# Glas :

## Re: [glas] Skalar-Like concepts from GLAS and MTL

From: Peter Gottschling (pgottsch_at_[hidden])
Date: 2005-05-20 13:40:12

I now retract everything and argue the converse. The additive concepts
can be written in terms of operators and still provide consistency with
the pure algebraic concepts.

WLOG, let's take out a+= b, a-=b, and a-b, which are only syntactical
sugar, then we have the following implication:
{T,groupAddOp<T>} models Group --> a+b, -a are defined, T(0) is
identity, and a + -a = T(0), a+b is ass.

On May 19, 2005, at 6:05 PM, Peter Gottschling wrote:

> Hi Toon:
>
> On May 19, 2005, at 3:54 PM, Toon Knapen wrote:
>
>> Peter Gottschling wrote:
>>
>>> An important aspect of these concepts is that for instance
>>> AdditiveGroup is a refinement of Group, as in the GLAS proposal, but
>>> in an implementable way.
>>
>> I have to look into this further but I definitly support the use of
>> functors.
>>
>> However I'm not convinced yet that they should be whereever you do.
>> Now you define the AdditiveGroup to be a refinement of
>> to derive the functors from the operators. So would'nt it be more
>> straigthforward to require an operator+ (global or as a member) in
>> the concept itself.
>>
> So, let me try to convince you. The weak point is probably not the
> concept definition but its description.
>
> Let's look at AdditiveGroup from another perspective. What a type T
> needs to model it?
> - The expression a+b, a+=b, -a, a-b, a-=b must be defined
> - The addition and subtraction must be associative
> - a + -a must be T(0) (* I already mentioned in the paper that this
> notion of zero might be too casual *)
>
> Notice that T can model AdditiveGroup without the existence of a
> functor. Furthermore, every type models AdditiveGroup in my definition
> _iff_ it models AdditiveGroup in the GLAS definition.
>
> The type requirements are not more complicated than in the other
> proposal, only the concept definitions are. Why?
>
> The answer is that this style of definition provides consistency
> between the additive concepts and the pure algebraic concepts, which
> is absolutely needed to consider the additive concepts as refinements
> of pure algebraic concepts. If there is another way to guarantee this
> consistency, we should discuss it. The definition in the GLAS concept
> was for my personal taste a little bit to general to lead the
> implementing in sufficient detail. The technique (or trick if you
> want) with the default functor nails down the consistency.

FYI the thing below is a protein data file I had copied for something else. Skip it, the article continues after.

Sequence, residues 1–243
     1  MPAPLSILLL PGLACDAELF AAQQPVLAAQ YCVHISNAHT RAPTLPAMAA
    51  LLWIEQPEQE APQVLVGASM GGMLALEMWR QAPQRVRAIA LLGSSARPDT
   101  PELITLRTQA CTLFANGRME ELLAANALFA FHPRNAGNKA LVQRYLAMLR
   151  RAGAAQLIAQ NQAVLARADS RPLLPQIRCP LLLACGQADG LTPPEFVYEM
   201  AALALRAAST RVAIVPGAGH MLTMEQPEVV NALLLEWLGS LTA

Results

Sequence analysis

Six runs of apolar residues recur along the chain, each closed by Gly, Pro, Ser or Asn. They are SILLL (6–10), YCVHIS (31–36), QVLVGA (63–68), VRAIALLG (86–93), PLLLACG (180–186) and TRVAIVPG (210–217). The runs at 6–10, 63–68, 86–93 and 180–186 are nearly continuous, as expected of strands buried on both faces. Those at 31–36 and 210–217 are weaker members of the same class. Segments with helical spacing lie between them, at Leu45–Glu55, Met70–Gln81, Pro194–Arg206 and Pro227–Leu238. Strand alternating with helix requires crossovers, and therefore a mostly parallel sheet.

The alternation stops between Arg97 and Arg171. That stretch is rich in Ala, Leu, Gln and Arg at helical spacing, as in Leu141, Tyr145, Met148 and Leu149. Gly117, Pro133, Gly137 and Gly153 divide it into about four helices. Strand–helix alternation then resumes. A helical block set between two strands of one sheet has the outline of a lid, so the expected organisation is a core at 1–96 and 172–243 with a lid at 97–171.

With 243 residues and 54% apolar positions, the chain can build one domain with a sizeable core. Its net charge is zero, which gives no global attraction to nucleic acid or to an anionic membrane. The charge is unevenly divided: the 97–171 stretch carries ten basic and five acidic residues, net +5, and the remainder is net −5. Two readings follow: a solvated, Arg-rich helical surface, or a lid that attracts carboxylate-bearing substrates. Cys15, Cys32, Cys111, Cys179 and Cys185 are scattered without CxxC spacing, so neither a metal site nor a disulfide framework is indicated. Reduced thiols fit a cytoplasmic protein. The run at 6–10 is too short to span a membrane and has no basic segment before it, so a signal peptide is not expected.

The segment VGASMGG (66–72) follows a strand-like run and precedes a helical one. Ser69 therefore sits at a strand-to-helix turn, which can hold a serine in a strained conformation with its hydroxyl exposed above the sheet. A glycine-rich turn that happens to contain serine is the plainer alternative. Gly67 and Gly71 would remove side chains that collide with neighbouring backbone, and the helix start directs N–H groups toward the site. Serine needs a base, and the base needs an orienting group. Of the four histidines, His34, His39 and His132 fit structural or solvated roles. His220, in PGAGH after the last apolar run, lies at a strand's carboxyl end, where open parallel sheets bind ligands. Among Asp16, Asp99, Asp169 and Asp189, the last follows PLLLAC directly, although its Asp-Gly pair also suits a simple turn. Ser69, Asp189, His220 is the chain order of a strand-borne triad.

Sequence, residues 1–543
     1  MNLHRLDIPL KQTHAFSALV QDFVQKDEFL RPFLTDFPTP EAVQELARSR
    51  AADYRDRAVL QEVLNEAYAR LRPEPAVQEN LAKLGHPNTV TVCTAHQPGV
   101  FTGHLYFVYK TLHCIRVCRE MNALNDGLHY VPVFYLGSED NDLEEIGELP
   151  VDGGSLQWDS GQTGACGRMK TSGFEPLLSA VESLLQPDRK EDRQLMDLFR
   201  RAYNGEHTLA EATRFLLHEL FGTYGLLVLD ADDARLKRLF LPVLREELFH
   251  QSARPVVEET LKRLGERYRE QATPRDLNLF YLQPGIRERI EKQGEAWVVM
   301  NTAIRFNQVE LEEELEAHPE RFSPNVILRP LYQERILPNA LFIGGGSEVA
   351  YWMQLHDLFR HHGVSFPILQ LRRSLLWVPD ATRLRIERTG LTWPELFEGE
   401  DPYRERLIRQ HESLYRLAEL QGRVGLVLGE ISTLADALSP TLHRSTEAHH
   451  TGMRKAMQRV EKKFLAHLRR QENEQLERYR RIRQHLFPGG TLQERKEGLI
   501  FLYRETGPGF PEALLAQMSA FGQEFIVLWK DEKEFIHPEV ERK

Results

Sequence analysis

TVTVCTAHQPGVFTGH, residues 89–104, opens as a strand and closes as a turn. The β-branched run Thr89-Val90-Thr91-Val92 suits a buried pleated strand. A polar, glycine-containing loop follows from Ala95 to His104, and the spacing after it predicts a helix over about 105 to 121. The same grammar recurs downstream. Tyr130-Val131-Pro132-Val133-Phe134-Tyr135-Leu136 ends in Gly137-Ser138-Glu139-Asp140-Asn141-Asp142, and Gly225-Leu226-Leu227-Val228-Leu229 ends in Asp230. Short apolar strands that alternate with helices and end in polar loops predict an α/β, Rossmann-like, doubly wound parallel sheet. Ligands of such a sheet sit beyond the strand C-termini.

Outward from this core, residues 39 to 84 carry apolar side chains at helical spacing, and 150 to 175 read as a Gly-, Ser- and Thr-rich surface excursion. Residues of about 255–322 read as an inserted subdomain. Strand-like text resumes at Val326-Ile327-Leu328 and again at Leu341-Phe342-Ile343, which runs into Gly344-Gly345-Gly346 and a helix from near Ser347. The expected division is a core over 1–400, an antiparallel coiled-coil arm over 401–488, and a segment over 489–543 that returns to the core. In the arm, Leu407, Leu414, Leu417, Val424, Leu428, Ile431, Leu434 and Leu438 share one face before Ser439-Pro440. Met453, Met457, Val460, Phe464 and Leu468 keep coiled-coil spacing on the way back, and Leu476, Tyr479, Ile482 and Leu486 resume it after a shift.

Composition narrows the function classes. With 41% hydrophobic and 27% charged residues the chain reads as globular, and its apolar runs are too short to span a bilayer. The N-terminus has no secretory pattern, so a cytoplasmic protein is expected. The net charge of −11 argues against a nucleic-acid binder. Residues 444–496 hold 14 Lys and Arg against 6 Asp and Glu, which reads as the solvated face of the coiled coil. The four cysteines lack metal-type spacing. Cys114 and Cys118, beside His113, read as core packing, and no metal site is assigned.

>
> Concerning algorithms, template functions for additive or
> multiplicative concepts can be written completely in terms of
> operators (without any trace of a functor). Template functions for
> pure algebraic concepts need of course functors. However, due to the
> consistency, any type that models for instance AdditiveGroup or
> MultiplicativeGroup can call any function requiring Group by passing
> the default functor as extra parameter, like in section 5.5 where no
> functor is implemented in the complete example.
>
>>
>>> In addition, pure algebraic structures are not only defined
>>> informally but also as concepts for C++ template code and several
>>> examples are given how to use them. As a result of the concept
>>> refinements, each type modeling a multiplicative or additive concept
>>> can call functions for the corresponding pure algebraic concepts
>>> using default functors.
>>> The concepts so far cover the area of scalar-like concepts (and even
>>> there are still some open details). I added some sources to play
>>> around with. Any comment is welcome.
>>
>>
>> As for the 'pure algebraic concepts', your concept definitions are in
>> line (but more detailed) of the current glas proposal. So I propose
>> to merge these in the current proposal.
>>
> I am happy to read this. :-)
>
>> As for section 5.1 I'm wondering if it would'nt be interesting to
>> only associate functors with properties that introduce a new
>> 'keyword'. For instance, looking at the properties of Group, closure
>> and associativity are implicitly used, whereas for getting the
>> identity or the inverse of an element, some explicit call (to a
>> function) must be performed.
>>
> Again, this a result of the description. Discussing issues of
> associativity and commutativity in section 6, I dropped some details
> in 5.1 to explain my ideas step by step. In 6.1, I added some markers
> to handle these attributes, and then all functors are really
> different. The code from section 5.1 is in
> default_functors_wo_markers.hpp and the final version, which is only
> partly printed in section 6.1, is in default_functors.hpp.
>
> Best,
> Peter
> ------------
> Peter Gottschling
> Research Associate
> Open Systems Laboratory
> Indiana University
> 215 Lindley Hall
> Bloomington, IN 47405
> Tel.: +1 812 855-8898 Fax: +1 812 856 0853

>
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>
------------
Peter Gottschling
Research Associate
Open Systems Laboratory
Indiana University
215 Lindley Hall
Bloomington, IN 47405
Tel.: +1 812 855-8898 Fax: +1 812 856 0853
http://www.osl.iu.edu/~pgottsch